Here is an approach that has the advantage of avoiding to go in the details of a concrete construction. More explicit constructions of the abelianization might give even more general results, in terms of corollary 2 below they would corresponds to more explicit description of the object $X_{ab}$, but I think corollary 2 below already cover most of the applications.

**Theorem:** Let $C$ be a symmetric monoidal locally presentable category in which the tensor product is accessible. Then the categories of (commutative) monoids in $C$ is locally presentable.

**Proof:** The categories of monoids or commutative monoids can be expressed as Cat-enriched limits of powers of $C$ and map induced by the tensor product between them. So as long as the tensor product is accessible, these are accessible categories because Cat-enriched limits of accessible categories and accessible functors between are accessible. As these category have all limits (they are created by the forgetful functor to $C$) they are locally presentable categories.

**Corollary 1:** Let $C$ be a locally presentable symmetric monoidal category in which the tensor product is accessible. Then the abelianization functor exists.

**Proof:** This follows from the special adjoint functor theorem applied to the forget full functor from commutative monoids to moinods. Fix $\kappa$ such that $\otimes$ is $\kappa$-accessible. The forgetfull functor commutes to all limits and $\kappa$-directed colimits, i.e. it is an accessible right adjoint , so it has a left adjoint by the special adjoint functor theorem.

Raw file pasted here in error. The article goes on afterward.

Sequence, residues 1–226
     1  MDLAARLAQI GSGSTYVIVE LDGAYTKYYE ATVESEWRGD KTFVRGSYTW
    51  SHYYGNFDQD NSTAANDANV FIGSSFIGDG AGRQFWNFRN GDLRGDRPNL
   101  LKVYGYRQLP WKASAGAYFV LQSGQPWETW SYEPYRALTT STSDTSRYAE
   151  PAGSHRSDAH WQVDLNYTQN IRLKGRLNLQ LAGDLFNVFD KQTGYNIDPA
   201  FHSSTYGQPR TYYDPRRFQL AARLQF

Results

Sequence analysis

Exploiting this, one can do much better and drop the local presentability assumption by observing that "the universal example" is itself locally presentable:

**Corollary 2:** Let $C$ be a symmetric monoidal category with all colimits in which the tensor product preserves $\kappa$-directed colimits for some regular cardinal $\kappa$. Then the abelianization functor for $C$ exists.

**Proof:** Let $M_\kappa$ be the "free symetric monoidal category with all $\kappa$-small colimits generated by a monoid object $X \in M_\kappa$".

It exists, because all the structure I've put on $M_\kappa$ can be encoded as a $\kappa^+$ essentially algebraic theory (let says in a bicategorical sense for simplicity, though it would also work in a $1$-categorical sense).

Let $V_\kappa$ be the $\kappa$-ind completion of $M_\kappa$. Because Ind completion commutes to products, the tensor product on $M_\kappa$ induces a $\kappa$-accessible tensor product on $V_\kappa$, making $V_\kappa$ a symmetric monoidal category (if you prefer, ind completion being monoidal for the product, it sends monoids object to monoids object).

It follows that $V_\kappa$ is a locally presentable category with a $\kappa$-accessible tensor product, so one can apply the previous result and the universal monoid object $X \in M_\kappa$ admit a symmetrisation $X_{ab}$ in $V_\kappa$.

If now $C$ is a general symmetric monoidal category with all colimits and such that $\otimes$ preserves $\kappa$-directed colimits in each variables. Then given a monoid object $T \in C$ you have an essentially unique (strong) symmetric monoidal functor $F: M_\kappa \to C$ that preserves $\kappa$-small colimits and sends $X$ (as a monoid) to $T$.

It extends to a monoidal functor preserving all colimits $V_\kappa \to C$, in fact (as $V_\kappa$ is locally presentable), it is a left adjoint functor. It then follows from a general argument that the image of $X_{ab}$ by this functor is an abelianisation of $X$ (one just check the universal property in $C$ using the universal property of $X_{ab}$ in $V_\kappa$ and the adjunction).